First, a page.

3. Specific Objectives of the Study

1. Knowing the impact of rainfall basin stations in terms of percentage to the Akosombo Water level.
2. Reduce the number of rainfall basins stations contributing to the Akosombo water level to a few Principal Components.
3. Get a good forecast technique for the water level of the Akosombo Dam.

4. Research Methodology

The Akosombo hydroelectric project is greatly influenced by several atmospheric conditions or atmospheric factors such as rainfalls, the flow of water sources, warmth and high temperature, and even heat due to evaporation or humidity. Due to the unavailability of data on the side of the researcher, the study focused on upstream rains and past data on the dam level. The data used for the research were the past rainfalls monthly for a period of 78years making 948 data point from the 12 major tributaries of the Volta River from 1936-2014. They include; Kintampo, Tamale, Bui, Yendi, Navrongo, Salage, Kata-Krachi, Bole, Atebubu, Kpando, Ho and Akuse stations. Also, monthly data on the water level of the Akosombo Dam was obtained. The principal component was applied to these stations in determining the most significant stations that could be used to explain the variation in the water level when it rained over these stations.
Figure 1. Akosombo Dam water level

5. Model Specification

Principal Component Regression and Random Forest techniques were used to analyse the data gathered. perform principal components analysis (PCA) was performed first on the on the original data, then perform dimension reduction by selecting the number of principal components (m) using cross-validation or test set error, and finally conduct regression using the first m dimension reduced principal components.

6. Multicollinearity: Examination of Correlation Matrix

One of the assumption underlings the usage of PCA /PCR is to ensure that, there is independency among the variables. There would be the independence of the variables when there is no multiclonality among the variables. A high value of the correlation between two variables may indicate that the variables are collinear. This method is easy, but it cannot produce a clear estimate of the degree of multicollinearity. (El-Dereny and Rashwan, 2011). The correlation coefficients are greater than 0.80 or 0.90 then this is an indication of multicollinearity. Variance Inflation Factor (VIF) is one of the techniques that is used to assess the level of collinearity in an ordinary least square regression analysis. if any of the VIF values exceed 5 or 10, it is an indication that the associated regression coefficients are poorly estimated because of multicollinearity (Montgomery, 2001).
The VIF is calculated as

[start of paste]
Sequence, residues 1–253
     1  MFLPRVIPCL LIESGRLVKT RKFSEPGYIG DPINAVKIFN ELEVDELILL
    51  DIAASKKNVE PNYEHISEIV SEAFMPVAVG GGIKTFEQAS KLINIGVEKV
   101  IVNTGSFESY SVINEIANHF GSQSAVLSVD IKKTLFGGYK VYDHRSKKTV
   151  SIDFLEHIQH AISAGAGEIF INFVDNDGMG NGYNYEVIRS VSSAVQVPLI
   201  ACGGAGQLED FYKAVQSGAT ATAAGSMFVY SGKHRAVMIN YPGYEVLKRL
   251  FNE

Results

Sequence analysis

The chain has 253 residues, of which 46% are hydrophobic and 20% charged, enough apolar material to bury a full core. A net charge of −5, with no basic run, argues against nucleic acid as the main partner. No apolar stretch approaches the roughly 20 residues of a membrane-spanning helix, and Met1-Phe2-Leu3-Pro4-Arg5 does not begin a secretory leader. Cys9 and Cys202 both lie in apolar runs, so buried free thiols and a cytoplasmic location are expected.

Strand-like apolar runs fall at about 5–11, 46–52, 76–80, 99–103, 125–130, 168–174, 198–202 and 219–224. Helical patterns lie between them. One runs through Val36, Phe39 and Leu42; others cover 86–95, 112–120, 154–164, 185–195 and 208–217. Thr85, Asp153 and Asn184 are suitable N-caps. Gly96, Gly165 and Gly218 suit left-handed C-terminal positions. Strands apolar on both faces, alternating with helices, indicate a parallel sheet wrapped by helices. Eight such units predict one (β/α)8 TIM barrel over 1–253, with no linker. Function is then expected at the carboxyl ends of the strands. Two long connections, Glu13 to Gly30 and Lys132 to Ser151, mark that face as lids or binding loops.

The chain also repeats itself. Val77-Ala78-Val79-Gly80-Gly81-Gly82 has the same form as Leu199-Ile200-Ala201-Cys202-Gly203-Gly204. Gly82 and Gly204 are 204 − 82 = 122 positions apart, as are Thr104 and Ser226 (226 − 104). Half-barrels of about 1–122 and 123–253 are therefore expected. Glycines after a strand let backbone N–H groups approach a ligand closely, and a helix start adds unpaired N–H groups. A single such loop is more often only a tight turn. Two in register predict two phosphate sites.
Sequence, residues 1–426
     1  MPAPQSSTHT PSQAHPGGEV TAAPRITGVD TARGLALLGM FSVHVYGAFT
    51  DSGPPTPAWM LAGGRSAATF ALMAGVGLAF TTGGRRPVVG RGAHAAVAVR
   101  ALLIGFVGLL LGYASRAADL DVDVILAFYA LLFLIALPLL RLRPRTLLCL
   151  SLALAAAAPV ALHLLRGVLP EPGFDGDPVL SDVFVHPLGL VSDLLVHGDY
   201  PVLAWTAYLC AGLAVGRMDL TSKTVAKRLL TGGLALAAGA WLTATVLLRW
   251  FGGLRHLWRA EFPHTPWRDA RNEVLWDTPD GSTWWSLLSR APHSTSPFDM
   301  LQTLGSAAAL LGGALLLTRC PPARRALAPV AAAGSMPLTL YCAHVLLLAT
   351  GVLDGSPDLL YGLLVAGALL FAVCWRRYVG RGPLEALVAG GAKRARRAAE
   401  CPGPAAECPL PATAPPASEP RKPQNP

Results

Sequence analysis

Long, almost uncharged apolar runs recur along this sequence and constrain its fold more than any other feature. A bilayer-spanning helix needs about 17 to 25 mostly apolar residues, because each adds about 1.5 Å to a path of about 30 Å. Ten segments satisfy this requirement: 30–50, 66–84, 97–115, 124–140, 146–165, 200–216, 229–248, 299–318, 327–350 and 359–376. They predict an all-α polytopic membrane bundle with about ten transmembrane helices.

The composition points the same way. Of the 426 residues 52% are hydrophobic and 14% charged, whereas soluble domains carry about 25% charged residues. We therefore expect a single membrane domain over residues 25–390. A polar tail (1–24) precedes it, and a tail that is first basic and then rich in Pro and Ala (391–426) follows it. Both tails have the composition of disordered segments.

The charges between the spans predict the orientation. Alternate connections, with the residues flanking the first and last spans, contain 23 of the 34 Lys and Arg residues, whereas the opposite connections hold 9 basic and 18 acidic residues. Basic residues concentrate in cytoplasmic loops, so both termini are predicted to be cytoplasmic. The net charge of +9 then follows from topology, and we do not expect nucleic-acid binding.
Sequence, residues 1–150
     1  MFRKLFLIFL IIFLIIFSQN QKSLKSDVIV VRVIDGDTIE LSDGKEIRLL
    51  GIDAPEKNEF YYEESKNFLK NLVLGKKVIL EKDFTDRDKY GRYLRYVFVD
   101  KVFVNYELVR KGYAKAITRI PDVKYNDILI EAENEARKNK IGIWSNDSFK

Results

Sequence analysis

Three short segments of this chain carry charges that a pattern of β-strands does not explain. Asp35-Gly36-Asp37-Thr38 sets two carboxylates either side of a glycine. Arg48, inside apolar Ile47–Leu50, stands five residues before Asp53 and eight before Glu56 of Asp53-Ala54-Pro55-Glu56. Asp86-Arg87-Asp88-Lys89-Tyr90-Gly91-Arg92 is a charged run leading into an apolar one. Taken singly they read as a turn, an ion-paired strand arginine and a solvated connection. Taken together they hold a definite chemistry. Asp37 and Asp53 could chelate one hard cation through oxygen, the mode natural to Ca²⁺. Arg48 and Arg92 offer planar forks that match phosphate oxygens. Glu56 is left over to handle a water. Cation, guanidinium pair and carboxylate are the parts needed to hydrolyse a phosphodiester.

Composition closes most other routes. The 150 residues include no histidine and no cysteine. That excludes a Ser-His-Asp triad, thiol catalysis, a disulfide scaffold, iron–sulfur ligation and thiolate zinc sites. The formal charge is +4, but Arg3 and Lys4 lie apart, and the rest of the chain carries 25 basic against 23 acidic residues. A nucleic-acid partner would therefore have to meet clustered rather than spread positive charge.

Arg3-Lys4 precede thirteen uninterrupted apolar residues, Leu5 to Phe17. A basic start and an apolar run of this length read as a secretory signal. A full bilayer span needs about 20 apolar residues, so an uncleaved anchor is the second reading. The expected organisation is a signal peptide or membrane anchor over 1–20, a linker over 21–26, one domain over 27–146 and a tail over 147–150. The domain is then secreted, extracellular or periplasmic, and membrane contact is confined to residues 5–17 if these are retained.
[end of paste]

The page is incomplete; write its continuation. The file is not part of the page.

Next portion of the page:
where represent the coefficient of determination when is regressed on all other predictor variables in the model.

7. Eigen Analysis of Correlation Matrix

The eigenvalues can also be used to measure or determine the component the number of components that have to be extracted. It can check for the presence of multicollinearity in the predictor variables, one or more of the eigenvalues will be small (near to zero).

8. Principal Component Regression (PCR)

The PCR is used to handle multicollinearity among variables, it is not usually included in standard regression analysis. The PCA follows from the fact that every linear regression model can be restated in terms of a set of orthogonal explanatory variables. These new variables are obtained as linear combinations of the original explanatory variables. They are referred to as the principal components. The independent variables in the PCR are given as;
Where is the ith observation on the jth variable, and and represent the estimated mean and standard deviation respectively. The dependent variable is cantered;
The transform matrix , where X is the matrix of observations on p independent variables, Z is the matix of transformed data whilst A is the matrix consisting of eigenvectors.
The regression model is given as;
where B is the px1 vector of unknown parameters and it is estimated as;
The regression equation for the PCA is given as;

9. Time Series Statistical Models

The Box -Jenkins methodology was duly followed in the estimating of the parameters in the time series analysis (Box and Jenkins, 1970). The Auto-regressive and the Moving Average (ARMA (p, q)), or Auto-regressive Integrated Moving Average (ARIMA (p, d, q)) was adopted for the prediction of the time series data. Nevertheless, the application of the ARMA model assumes that the time series data be stationary; which implies, ARMA processes remains in the stability about a constant mean level. However, when data are nonstationary or have obvious trend variability, the ARIMA model built on the differencing algorithm could be adopted (Box et al. 1994). The Augmented Dickey-Fuller (ADF) is used to examine for the stationarity in the dataset test (Elliott et al. 1996).

10. Measures of Adequacy